The trade-in culture is a spectre hovering over all of liberal society’s institutions and relationships. Everyone goes to the altar knowing what divorce is. Everyone joins a church knowing they could switch for any reason. Everyone knows they have a choice between parenting and alimony. And everyone feels shame knowing the easier and more political thing to do would be to disappear instead of repent, to reconcile with obscurity rather than with the sinned against. In the liquid, shame-ridden trade-in culture, the relationship between sinner and sin is political rather than personal. The best thing a person being targeted by a social media campaign can do is stop posting [i.e., disappear]. This “call” for “repentance” is entirely about removing the blight from the online experience of the community, just as no-fault divorce is entirely about removing the difficult marriage or church-hopping is entirely about removing the awkwardness of corporate worship.

***

So what does this have to do with repentance? For one thing, the Christian practice of repentance is not political. It is not an act that seeks to mitigate harm to the brand or satisfy all the desires of those who might be persuaded to support the penitent one day. The Christian practice of repentance carries with two biblical commands that are equally devastating to our contemporary mindset: “Confess your sins one to another” and “If you do not forgive others their trespasses, neither will your heavenly Father forgive your trespasses.” These are not mantras of the trade-in society. They are not handy slogans for political morality. On the one hand, we are commanded to confess our sins, to relinquish the fantasy of autonomy over our lives and to invite shame rather than flee it. On the other hand, we are commanded to forgive the offenses of others; commanded, even, on the basis that failure to do so might jeopardize our own standing before God. In contemporary society, the motivations for forgiveness are almost always therapeutic; even a popular pastor once remarked that failing to forgive others was bad because it allowed the offender to live “rent-free in your head.”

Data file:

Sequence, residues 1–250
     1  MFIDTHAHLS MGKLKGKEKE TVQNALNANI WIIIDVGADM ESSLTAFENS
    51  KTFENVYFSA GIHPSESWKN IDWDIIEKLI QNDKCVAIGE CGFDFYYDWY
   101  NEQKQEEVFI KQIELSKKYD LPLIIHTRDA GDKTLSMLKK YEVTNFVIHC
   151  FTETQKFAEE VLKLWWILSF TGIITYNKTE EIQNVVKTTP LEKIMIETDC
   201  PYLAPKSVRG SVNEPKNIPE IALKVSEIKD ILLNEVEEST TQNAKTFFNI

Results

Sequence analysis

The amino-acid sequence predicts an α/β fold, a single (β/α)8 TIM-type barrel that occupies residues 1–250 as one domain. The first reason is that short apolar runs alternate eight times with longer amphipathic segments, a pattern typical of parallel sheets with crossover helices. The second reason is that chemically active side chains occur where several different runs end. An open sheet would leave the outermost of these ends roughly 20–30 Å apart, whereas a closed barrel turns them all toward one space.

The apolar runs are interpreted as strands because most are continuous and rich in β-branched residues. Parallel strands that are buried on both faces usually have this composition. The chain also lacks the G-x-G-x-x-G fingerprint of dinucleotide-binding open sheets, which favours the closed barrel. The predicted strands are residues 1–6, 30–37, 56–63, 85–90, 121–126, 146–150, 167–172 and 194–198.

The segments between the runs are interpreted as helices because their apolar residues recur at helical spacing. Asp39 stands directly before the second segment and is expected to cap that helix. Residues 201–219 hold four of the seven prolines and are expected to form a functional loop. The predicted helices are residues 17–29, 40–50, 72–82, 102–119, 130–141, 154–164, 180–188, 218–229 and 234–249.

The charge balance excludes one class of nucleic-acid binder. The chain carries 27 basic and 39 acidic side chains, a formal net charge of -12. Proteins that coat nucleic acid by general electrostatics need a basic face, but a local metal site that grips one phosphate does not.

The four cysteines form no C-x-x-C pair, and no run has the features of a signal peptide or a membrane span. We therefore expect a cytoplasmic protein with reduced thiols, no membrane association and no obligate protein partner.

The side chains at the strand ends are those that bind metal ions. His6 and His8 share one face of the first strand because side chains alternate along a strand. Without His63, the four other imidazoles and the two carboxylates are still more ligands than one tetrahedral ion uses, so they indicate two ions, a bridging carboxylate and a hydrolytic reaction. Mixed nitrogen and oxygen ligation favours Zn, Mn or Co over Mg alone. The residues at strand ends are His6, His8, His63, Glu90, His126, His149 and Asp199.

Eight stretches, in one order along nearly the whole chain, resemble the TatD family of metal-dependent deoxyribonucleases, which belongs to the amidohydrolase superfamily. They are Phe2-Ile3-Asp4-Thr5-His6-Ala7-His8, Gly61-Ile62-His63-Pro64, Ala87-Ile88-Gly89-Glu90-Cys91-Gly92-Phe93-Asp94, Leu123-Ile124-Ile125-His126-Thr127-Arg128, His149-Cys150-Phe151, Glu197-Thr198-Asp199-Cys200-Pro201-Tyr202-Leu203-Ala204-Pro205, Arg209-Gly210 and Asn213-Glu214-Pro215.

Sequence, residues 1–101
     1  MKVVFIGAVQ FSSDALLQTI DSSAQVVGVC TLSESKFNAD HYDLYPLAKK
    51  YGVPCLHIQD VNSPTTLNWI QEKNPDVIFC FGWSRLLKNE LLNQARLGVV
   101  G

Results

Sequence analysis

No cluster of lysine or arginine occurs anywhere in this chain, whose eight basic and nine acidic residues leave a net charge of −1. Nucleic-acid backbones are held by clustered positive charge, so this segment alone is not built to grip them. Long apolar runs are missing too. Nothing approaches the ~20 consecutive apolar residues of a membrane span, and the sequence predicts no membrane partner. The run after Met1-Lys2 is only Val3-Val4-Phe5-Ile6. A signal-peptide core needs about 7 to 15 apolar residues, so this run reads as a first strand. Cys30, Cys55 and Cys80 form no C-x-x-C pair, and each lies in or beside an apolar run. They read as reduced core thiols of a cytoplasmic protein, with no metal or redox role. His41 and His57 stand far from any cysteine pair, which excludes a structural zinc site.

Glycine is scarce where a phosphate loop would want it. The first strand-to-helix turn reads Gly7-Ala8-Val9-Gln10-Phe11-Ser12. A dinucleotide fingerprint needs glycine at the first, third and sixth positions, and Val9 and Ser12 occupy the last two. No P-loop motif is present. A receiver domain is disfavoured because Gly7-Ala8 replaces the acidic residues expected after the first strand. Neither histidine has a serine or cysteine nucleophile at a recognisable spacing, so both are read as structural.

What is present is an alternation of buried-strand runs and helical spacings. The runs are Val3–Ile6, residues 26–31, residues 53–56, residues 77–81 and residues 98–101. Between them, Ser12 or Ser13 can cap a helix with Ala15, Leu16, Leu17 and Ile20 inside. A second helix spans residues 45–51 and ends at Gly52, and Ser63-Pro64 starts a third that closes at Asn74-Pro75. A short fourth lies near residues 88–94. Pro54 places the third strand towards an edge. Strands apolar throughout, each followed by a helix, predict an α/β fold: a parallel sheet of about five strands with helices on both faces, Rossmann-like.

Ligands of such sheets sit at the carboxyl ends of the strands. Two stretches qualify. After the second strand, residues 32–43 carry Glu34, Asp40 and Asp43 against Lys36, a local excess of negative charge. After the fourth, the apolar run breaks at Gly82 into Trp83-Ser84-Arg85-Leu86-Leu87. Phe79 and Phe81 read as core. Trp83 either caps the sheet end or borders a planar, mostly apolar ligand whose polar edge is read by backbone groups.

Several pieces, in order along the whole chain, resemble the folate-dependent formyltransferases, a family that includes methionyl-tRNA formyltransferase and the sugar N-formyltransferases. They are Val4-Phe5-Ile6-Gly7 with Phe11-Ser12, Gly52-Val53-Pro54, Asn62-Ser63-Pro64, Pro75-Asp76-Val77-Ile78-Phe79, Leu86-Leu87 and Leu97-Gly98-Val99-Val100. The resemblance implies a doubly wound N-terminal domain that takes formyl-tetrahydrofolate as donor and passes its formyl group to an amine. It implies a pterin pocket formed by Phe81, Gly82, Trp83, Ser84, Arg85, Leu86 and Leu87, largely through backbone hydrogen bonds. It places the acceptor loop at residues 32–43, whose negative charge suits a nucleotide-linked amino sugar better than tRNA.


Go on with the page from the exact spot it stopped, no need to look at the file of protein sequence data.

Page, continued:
We might even go so far as to suggest that callout culture and the ruthless personal shaming of social media is a response to our civilization’s hollowing out of sin and shame. It is fascinating to observe how much online shaming utilizes the language of political oppression. It’s as if the soul of modern liberalism cries out for a justice—an atonement—that it doesn’t believe in and cannot bring itself to conceive, and in this absence, “re-stories” the world as a black and white narrative of oppressor and oppressed, of bias and biased against. In a stunning essay titled “The Strange Persistence of Guilt,” Wilifred McClay summarizes the trauma of an age which refuses to come to terms with moral guilt and substitutes political guilt in its place: